4. Defining by “deficits”: Autism comes with challenges. Social anxiety is real, and while it can be expressed differently in different people, I feel it can at times present itself as a real “deficit” for those on the autism spectrum. The problem with ableism is that it seeks only to define people with disabilities as the disability itself. Ableism causes us to focus on what appears to be the only thing important about this young man, his autism. He is a person working, living, thriving and contributing to society. He is not just a kid with autism, and therefore he shouldn’t be defined just by what may appear to be a “deficit.” Watching the video of him shaking his head back and forth might suggest that he doesn’t want the attention, he just wants to live his life. Ableism can sometimes make life difficult for persons with disabilities because it brings unwanted attention to the disability and in doing so completely ignores the person.
5. Demonizing those with disabilities: The video also captures one of the most unfortunate consequences of ableist culture, demonizing the disabled. While Mr. Jackson has reportedly issued a public apology, stating it was not his intention to offend the young man, the harsh reality is that it did offend him and I find it is very difficult to insist the intention was to produce a different outcome. Curtis Jackson decided to approach the young man, publicly humiliate him and broadcast the bullying incident for the entire world to view. One of the most damaging elements of bullying and ableism is to make the public believe that the victim deserves the treatment they’ve received. When Mr. Jackson insists that the young man is part of a generation that is “crazy” he makes it appear as though the young man deserved to be publicly humiliated. It is the demonization of the young man as some sort of delinquent that made him believe that it was OK to be disrespectful and demeaning. In many ways, our society and culture cooperates with this behavior by presenting images of disabled people as “burdens” and barriers to the health and happiness of able-bodied people in society. When people with disabilities are viewed as a part of society’s problems, it demonizes them and demonstrates the power of ableist culture and language in the world we live in.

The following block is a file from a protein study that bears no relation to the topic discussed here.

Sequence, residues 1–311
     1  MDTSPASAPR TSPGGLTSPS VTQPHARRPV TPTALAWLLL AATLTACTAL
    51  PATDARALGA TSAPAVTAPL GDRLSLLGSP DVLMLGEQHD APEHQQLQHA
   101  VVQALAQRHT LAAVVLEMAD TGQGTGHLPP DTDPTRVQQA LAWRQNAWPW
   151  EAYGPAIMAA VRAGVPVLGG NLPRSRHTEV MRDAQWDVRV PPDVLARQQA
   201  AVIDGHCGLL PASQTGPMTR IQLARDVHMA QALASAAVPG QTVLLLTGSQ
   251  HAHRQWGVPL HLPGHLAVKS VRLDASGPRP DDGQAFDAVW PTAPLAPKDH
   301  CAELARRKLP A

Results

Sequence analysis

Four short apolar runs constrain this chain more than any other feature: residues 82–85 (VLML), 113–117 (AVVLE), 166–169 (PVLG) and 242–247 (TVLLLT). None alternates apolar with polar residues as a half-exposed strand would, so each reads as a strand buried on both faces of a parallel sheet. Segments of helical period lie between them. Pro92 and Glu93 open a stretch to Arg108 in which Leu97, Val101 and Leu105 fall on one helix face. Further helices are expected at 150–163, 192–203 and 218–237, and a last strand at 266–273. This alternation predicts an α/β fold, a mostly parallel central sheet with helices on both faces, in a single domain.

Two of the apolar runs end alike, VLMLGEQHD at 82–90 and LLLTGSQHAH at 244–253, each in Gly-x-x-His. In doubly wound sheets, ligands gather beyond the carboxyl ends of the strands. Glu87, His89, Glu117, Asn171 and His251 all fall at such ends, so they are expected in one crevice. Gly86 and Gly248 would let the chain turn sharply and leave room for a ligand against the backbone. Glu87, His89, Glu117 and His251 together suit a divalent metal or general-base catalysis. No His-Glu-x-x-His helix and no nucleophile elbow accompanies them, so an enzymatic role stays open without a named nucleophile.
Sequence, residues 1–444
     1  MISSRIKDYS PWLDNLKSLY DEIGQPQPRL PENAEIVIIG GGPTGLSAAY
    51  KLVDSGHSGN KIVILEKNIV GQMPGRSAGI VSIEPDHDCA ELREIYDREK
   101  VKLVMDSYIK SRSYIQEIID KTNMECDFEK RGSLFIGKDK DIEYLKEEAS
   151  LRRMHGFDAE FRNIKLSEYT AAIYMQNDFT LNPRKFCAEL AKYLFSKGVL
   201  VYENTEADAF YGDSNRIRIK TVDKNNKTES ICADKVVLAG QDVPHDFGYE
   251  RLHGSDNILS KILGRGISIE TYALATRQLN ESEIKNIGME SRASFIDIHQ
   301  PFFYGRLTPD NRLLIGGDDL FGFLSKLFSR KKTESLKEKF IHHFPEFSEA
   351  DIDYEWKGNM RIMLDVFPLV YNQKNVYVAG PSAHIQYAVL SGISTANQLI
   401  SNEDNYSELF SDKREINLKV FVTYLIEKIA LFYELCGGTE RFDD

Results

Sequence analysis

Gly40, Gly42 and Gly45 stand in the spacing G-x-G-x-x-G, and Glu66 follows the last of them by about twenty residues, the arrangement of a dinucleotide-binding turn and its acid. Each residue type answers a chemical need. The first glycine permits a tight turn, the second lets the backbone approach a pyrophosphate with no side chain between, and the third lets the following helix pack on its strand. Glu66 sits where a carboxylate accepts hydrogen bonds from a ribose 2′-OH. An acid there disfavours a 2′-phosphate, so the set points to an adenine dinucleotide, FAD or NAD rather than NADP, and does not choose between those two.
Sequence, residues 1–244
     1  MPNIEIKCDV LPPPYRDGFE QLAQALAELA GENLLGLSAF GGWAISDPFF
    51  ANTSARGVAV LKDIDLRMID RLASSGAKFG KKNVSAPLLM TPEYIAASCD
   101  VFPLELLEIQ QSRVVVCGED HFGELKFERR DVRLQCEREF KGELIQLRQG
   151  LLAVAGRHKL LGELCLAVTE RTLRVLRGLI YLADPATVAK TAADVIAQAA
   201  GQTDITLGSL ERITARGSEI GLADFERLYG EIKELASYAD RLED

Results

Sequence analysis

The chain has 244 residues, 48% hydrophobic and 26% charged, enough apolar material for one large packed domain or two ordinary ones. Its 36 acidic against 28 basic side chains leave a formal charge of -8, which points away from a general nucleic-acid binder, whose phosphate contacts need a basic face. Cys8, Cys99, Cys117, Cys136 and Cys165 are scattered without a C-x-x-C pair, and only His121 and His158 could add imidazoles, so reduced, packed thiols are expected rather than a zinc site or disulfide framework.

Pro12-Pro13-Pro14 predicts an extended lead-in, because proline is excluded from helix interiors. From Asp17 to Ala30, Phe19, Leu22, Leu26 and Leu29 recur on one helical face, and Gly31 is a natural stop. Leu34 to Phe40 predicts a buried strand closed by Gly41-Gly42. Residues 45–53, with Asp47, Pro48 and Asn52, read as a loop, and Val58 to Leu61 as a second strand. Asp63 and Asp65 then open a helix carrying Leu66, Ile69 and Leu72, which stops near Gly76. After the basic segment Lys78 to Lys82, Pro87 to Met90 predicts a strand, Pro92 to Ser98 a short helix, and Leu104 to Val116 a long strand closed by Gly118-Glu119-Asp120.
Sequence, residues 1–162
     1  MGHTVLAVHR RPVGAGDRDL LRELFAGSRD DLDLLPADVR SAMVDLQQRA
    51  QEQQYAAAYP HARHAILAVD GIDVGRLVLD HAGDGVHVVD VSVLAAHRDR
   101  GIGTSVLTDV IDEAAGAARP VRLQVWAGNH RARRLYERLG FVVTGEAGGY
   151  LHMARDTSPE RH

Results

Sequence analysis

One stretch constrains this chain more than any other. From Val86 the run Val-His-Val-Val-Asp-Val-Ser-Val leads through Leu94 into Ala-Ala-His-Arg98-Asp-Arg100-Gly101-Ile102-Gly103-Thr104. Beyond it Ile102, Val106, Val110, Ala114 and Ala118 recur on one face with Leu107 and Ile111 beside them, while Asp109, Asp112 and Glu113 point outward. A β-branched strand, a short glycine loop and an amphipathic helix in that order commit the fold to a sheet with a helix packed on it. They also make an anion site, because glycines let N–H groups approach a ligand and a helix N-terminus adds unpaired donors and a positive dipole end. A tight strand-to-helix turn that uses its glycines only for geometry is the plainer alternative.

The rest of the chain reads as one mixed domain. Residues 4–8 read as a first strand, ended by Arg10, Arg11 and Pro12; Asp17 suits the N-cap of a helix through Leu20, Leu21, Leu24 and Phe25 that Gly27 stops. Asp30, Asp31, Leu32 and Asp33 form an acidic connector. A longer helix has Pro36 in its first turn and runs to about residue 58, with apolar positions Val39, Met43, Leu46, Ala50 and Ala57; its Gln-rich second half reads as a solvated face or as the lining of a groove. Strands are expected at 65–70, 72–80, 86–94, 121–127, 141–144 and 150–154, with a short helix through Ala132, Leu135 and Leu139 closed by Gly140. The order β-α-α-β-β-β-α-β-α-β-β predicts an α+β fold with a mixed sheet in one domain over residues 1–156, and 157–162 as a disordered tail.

My hope is that while Andrew Farrell and his family continue to heal from this horrible ordeal, we as a society take time to use this as an opportunity not just to demand an apology from 50 Cent, but to become more determined to understand all of the ways that ableism has impacted our culture and to make adjustments to those attitudes by first looking within ourselves.
A version of this port originally appeared on Autism Pastor.